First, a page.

“There is no passion to be found playing small – in settling for a life that is less than the one you are capable of living.”
― Nelson Mandela
On the 4th of January 2019, it was time for my first ever long haul flight and i was so lucky that it was to Cape Town, South Africa. From 2002-2007 i had lived in Spain on the Costa Del Sol and apart from one holiday to Mexico, i had never travelled outside of Europe so to arrive in Cape Town filled me with an immense sense of gratitude and an unbelievable way to start the New Year.
After arriving at the hotel and heading to the room to rest, it was time for drinks by the pool and then in the evening, headed down to the Victoria & Albert Waterfront, which had the stunning back drop of Table Mountain, for steak and wine. It actually felt like i was borrowing someone elses life for the day.
As we were only in Cape Town for 36 hours, i didn’t imagine there would be a great deal of time to see much of the area. However, what i was about to see was probably one of the most spectacular sights i’ve ever seen. Throughout my life, if i saw them on tv or imagined penguins, like most people, it is an envision of them in a snowy, cold environment. That was until arriving at Boulders Beach which is located in the Cape Peninsula, near Simon’s Town towards Cape Point. In that moment of arriving at the beach, i was absolutely mesmerised to see hundreds of penguins on the beach, in the sun. The only way to describe being so close to them and watching them interact as little characters with each other was surreal, as if it was some real life 3D film scene and dismissing any preconceptions id always had that they were only found in cold climates. This moment was definitely the defining one that i knew i was going to learn so much about the world.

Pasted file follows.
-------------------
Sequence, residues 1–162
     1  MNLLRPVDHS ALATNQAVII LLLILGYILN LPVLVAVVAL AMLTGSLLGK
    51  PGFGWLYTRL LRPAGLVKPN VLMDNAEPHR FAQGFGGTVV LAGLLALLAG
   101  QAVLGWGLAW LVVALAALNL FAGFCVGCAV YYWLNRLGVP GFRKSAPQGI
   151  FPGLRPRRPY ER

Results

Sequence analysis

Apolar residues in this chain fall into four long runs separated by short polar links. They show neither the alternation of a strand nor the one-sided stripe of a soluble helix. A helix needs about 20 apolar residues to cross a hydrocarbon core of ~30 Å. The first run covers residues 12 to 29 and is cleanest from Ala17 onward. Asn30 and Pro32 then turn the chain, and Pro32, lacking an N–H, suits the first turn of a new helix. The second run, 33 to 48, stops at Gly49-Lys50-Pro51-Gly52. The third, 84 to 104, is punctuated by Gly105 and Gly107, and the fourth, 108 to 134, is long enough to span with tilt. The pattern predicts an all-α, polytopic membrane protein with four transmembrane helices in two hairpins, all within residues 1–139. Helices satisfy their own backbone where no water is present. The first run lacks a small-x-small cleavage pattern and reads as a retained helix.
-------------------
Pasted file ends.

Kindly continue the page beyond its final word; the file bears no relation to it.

About the penguins
After my visit to Boulders Beach, i was fascinated about the penguins and decided to do some more research on them, their environment and the dangers they face as a species. The following information was found on the ‘Table Mountain National Park’ website:
“African Penguins were reclassified on 26 May 2010 from a Vulnerable to now Endangered status. In 1956 when the first full census was conducted on the African Penguin, there were approximately 150 000 breeding pairs counted. In 2009 there were only 26 000 breeding pairs left in the world. These numbers indicate a loss of more than 80% of breeding pairs in just over 50 years.
The Boulders Penguin Colony was established in 1983 and numbers increased from surrounding island colonies to bring breeding numbers to 3900 birds in 2005. Since then there has been a decrease. The 2011 figures sit at around 2100 birds at Boulders Penguin Colony. The decline at Boulders and the global decline is the suspected result of:
- habitat destruction
- effects of oil spills and other marine pollution
- impacts of global warming on fish stocks and fish movement
- over fishing
- irresponsible tourism activities
- domestic pets/animals”
Source: 2019, A bit more about African Penguins, 2019, <https://www.sanparks.org/parks/table_mountain/tourism/attractions.php#boulders>